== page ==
This simple requirement so that you can enter college can be extremely stressful and devastating to your student. The importance of this exam is underplayed with the educational system all in the educational process. It seems as though there’s a “rush” to be sure every student is on board once they eventually reach the tenth or eleventh-grade level. Once a student has reached this level, either he is active in extracurricular activities or has not set up any goals to attend college.
This SAT exam may go through being a huddle that he failed to see coming so that you can get into college. This one huddle may are jumped much earlier in the educational process.
There are some students will not face this huddle if their parents or guardians are smart enough to get ready them before reaching their final a couple of years in high school graduation. These are the oldsters who’re fully mindful of the educational process along with the pathway which gets their children into college, and with a greater potential for entering college with a scholarship. Perhaps our educators should commence with the oldsters and educate them in regards to the significance of the SAT exam and the way this exam can affect their pocketbook.
In my opinion, the potential pupil should be mentored, tutored, and given resources starting at the seventh-grade level to get ready for your SAT exam. This opportunity should be agreed to all students rather than just a handpicked few. With the new technology and advanced resources available now, educators should utilize these tools to introduce this exam at an earlier educational level.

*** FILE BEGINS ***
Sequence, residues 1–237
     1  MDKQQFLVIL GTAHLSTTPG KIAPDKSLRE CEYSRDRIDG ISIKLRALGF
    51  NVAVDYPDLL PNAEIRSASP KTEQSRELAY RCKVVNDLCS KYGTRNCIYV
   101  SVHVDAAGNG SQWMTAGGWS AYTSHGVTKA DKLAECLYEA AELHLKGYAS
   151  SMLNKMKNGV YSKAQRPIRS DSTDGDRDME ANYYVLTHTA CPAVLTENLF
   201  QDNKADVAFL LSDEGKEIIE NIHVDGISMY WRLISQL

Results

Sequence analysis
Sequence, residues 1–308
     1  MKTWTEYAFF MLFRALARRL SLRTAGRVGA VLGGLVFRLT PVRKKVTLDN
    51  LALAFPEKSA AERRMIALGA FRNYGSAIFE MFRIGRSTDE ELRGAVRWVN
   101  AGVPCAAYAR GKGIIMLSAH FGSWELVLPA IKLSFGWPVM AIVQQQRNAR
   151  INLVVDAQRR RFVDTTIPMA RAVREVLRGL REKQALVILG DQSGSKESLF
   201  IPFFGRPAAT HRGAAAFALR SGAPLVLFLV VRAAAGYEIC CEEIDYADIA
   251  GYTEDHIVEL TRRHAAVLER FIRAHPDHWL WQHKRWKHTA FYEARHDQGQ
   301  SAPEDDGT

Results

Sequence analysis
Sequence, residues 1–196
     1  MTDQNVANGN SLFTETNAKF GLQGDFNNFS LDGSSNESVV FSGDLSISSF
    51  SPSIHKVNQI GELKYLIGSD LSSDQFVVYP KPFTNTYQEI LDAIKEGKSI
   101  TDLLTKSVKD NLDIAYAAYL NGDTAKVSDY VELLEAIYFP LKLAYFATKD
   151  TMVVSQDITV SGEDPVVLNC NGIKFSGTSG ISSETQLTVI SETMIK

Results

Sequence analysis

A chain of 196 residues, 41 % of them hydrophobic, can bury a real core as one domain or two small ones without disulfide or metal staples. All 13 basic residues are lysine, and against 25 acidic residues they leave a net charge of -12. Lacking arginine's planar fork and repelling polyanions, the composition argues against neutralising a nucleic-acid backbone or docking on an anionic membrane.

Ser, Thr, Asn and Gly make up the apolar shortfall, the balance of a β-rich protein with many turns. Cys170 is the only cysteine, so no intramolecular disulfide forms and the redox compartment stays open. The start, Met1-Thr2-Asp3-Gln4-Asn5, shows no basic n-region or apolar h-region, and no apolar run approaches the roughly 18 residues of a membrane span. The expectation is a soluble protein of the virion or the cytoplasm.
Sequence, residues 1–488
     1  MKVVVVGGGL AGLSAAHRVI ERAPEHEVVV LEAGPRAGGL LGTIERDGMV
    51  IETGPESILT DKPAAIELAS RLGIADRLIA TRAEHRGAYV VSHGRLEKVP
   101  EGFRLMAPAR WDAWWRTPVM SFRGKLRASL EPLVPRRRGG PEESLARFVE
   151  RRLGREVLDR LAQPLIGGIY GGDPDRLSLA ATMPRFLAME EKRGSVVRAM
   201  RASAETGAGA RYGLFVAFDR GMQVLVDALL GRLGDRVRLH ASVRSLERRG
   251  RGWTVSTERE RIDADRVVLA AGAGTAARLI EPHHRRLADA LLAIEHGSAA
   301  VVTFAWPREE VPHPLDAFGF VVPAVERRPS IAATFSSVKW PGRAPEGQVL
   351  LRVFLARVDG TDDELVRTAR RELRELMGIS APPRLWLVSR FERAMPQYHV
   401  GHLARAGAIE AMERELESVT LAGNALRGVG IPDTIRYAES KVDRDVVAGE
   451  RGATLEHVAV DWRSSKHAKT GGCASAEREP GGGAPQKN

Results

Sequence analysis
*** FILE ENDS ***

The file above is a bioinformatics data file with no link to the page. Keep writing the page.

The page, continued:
We need educators to re-examine the need for the requirement to inform all students this exam will be the initial key to getting into college and opening the doors to grants, scholarships, and fellowships. Our economy and cutbacks in education almost necessitate that we transfer this direction to ensure that our students can prepare themselves financially to get a college education.
I have always thought that I could are a tad bit more prepared for the SAT exam before entering college. Perhaps if I ended up more prepared, I would have qualified for the larger scholarship. This is a matter that should be examined by our educators. After all, statistically, two- thirds of college students leave college in debt. Maybe the more the SAT score, the larger the scholarship, maybe the low the school debt.